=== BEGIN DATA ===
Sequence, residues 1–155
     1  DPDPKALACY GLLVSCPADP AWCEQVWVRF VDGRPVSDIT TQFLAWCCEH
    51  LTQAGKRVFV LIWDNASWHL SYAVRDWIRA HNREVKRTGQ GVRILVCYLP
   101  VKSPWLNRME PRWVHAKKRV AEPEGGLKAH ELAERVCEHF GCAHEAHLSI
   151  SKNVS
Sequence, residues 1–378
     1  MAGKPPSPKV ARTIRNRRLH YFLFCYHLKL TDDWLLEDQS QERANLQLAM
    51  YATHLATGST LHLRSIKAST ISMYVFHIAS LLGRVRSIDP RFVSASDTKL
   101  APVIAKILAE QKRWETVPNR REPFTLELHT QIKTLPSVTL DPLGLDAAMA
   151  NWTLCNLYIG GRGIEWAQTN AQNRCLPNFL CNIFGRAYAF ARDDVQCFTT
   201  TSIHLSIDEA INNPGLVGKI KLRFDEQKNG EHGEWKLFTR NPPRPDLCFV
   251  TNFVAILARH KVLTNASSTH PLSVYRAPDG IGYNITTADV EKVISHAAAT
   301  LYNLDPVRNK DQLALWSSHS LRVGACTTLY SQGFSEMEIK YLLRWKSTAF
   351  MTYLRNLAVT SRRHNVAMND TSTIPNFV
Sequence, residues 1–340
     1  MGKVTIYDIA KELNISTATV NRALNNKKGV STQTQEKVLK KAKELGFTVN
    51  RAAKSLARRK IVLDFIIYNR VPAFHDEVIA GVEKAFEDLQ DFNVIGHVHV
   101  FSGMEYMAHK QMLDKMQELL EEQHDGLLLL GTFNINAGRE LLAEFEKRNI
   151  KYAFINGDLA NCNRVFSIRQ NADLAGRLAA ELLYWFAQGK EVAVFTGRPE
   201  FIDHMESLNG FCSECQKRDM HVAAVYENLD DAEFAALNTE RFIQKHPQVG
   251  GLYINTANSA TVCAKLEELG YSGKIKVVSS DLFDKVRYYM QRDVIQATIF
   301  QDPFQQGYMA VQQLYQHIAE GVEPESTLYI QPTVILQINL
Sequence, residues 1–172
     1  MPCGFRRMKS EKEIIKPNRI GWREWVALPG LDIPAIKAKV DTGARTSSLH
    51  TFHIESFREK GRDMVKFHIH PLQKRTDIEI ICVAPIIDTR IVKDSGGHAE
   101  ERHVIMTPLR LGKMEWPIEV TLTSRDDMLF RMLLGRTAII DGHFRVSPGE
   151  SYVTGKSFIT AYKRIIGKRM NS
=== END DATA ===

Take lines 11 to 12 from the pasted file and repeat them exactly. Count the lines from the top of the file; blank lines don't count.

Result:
   201  TSIHLSIDEA INNPGLVGKI KLRFDEQKNG EHGEWKLFTR NPPRPDLCFV
   251  TNFVAILARH KVLTNASSTH PLSVYRAPDG IGYNITTADV EKVISHAAAT